In 2008 Intel introduced the Diamondville platform. This was the Atom platform that was used in the vast majority of netbooks and nettops. You had an Atom processor (codename: Diamondville) and Intel's 945GSE chipset. The memory controller was located on the chipset which was built on a 90nm process that ended up eating quite a bit of power.


Dual-core Atom "Diamondville" (left) vs. Dual-core Atom "Pineview" (right)

At the end of last year, Intel brought forth Pine Trail. Pine Trail used a new version of the Atom processor (codename: Pineview) and Intel's NM10 Express chipset. The memory controller was moved off the external chipset and on-die with the Atom processor. Graphics also made their way on die and the resulting 45nm chip consumed far less power than the old Atom + 945GSE combo.

When AMD integrated a DDR memory controller with the K8, we saw a big drop in memory latency and tremendous boost in performance. When Intel did the same with Nehalem the results were similar. Yet when we reviewed Pine Trail we saw virtually no drop in memory latency and very few situations where performance actually improved. In fact, it was only on the dual-core desktop Pine Trail system we reviewed that we saw any tangible performance gains.

Remember that Intel's Atom processor uses a dual-issue in-order architecture. As such you'd expect a huge boost from Intel integrating its DDR2 memory controller. After a bit of digging, we've finally figured out why that wasn't the case.

Unlike Nehalem, when Intel integrated the memory controller in Pineview it didn’t start with a brand new design. Here’s what Nehalem looks like from a high level:

The memory controller is on die and connects directly to the cache subsystem via some very low latency interconnects.

And here’s what Diamondville and Pine Trail look like:

Intel Atom "Diamondville" Platform 2008
Intel Atom "Pine Trail" Platform 2009-2010

 

Notice anything funny? There’s still a FSB interface between the CPU core and the memory controller. It’s all on die, but the Pineview CPU core still needs to go through the FSB unit before it can touch the IMC. That’s why the latency didn’t improve much, if at all. There are some improvements that do allow for better performance, but not what you'd expect from a redesigned, integrated memory controller.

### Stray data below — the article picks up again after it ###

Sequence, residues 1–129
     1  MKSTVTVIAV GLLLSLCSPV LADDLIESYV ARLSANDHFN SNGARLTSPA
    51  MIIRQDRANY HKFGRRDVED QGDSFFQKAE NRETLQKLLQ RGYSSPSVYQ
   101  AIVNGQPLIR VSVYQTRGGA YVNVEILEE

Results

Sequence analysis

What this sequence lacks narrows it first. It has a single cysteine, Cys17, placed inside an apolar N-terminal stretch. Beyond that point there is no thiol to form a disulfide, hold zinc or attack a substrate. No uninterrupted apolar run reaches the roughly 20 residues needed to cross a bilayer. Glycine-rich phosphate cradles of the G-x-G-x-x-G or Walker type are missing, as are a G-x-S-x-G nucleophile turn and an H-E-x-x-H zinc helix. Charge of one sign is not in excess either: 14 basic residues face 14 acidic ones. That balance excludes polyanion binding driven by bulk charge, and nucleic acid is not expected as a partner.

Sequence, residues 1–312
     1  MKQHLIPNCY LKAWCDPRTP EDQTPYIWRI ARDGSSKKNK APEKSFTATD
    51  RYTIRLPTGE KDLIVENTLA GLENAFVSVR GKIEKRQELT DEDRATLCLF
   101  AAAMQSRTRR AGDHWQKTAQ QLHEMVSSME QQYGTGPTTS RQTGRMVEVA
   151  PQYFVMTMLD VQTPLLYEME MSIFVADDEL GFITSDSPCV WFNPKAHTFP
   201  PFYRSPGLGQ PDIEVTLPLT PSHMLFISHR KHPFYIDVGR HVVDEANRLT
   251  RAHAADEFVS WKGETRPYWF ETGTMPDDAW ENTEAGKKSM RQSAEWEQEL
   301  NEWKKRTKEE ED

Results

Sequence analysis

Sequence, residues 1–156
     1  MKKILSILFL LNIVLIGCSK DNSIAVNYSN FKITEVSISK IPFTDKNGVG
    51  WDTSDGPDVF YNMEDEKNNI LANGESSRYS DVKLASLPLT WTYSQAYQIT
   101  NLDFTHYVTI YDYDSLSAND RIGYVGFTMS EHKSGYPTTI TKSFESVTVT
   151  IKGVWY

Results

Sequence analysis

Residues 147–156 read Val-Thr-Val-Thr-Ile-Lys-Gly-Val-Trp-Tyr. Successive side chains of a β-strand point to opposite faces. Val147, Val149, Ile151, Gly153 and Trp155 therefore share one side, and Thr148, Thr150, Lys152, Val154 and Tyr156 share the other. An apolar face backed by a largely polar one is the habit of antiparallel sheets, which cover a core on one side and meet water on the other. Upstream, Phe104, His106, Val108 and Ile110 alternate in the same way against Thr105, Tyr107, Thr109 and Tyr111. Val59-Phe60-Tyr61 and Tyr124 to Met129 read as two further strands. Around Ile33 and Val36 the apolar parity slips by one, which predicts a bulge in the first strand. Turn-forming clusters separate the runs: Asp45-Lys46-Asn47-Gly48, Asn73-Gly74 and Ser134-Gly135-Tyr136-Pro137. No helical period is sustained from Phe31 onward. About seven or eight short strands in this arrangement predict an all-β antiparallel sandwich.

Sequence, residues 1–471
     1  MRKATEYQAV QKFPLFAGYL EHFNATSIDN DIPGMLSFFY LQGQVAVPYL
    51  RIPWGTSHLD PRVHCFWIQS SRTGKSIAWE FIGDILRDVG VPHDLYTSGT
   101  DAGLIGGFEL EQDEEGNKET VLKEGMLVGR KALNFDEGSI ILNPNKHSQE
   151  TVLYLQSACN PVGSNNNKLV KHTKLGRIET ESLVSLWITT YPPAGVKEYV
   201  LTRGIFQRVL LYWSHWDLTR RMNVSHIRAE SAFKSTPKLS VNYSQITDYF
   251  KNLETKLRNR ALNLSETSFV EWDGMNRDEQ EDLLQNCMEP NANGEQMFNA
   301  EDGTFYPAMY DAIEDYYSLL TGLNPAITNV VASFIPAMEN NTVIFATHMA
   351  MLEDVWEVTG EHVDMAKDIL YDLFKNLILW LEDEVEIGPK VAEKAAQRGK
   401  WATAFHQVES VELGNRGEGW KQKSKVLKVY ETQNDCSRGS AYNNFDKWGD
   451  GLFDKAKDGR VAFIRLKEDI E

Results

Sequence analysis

Why would Intel do this? It saves time and thus money. Pineview literally uses the same Bonnell core as Diamondville but placed next to an on-die memory controller. A tightly integrated memory controller would require a redesigned version of the Bonnell core, something Intel wasn’t willing to commit to at this point.

Given the lack of competition from AMD or anyone else in the Atom space, it makes sense from a financial standpoint. Eventually Intel will have to redesign the core and tightly couple the memory controller, but I suspect that it won’t happen for a while. At least not until there’s real competition from AMD or someone from the ARM camp.

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  • piroroadkill - Thursday, January 28, 2010 - link

    I was going to chime in with this. This is of no use to the end user. Reply
  • cyberserf - Thursday, January 28, 2010 - link

    QFT Reply
  • IntelUser2000 - Wednesday, January 27, 2010 - link

    I'll speculate that the Lincroft chip will have a much faster memory controller than Pineview.

    Diamondville was essentially a value, Celeron like version of Silverthorne and Pineview is similar value version of Lincroft. Even though the rumored clocks of Lincroft lie at 1.2GHz, its said to be fast as current Netbook CPU. Won't happen without significantly enhancing the performance.
    Reply
  • PrinceGaz - Wednesday, January 27, 2010 - link

    If AMD were to go under, the same as has happened here would happen with desktop processors-- improvements in designs would be much less significant and take longer to arrive. You could also expect to pay a very high price for the newest version ($999 or more) for a much longer time than you do now. Reply
  • morphologia - Wednesday, January 27, 2010 - link

    They really need to catch up though. Granted, I can really appreciate how much of their resources overall that they've invested in their ATI entity, given all the excellent products they've churned out. But they're quickly becoming a CPU also-ran, less than relevant in the grand scheme. Reply
  • Penti - Wednesday, January 27, 2010 - link

    At least AMD now plans on taking the mobile space seriously. K8 parts where just stupid, almost as much as P4s in notebooks. Lets see how the cooking turned out in 2011. Reply
  • QuietOC - Wednesday, January 27, 2010 - link

    Regor + 785G could be a nice alternative to Intel's CULV platform. AMD seems just as intent as Intel on dumping old chips into small, cheap portables. Reply
  • mczak - Wednesday, January 27, 2010 - link

    This is quite similar to what Clarkdale does. Granted, it uses QPI instead of FSB but the effects to memory latency are similar (then again, you'd expect this to make much less performance difference with this architecture, and it certainly doesn't seem to affect things much).
    So if intel can "unintegrate" the MC (from Nehalem to Clarkdale) without too much effort, they surely could do the opposite too. Next atom chip I'd guess...
    Reply
  • RU482 - Wednesday, January 27, 2010 - link

    guess we'll have to wait until Newton Creek Reply
  • Mr Perfect - Wednesday, January 27, 2010 - link

    I'm guessing that's the code name for the next Atom(It doesn't google well)? Are we sure a truly integrated MC will happen even then? Or will Intel just sit on this until they need to boost Atom in the face of competition? Reply

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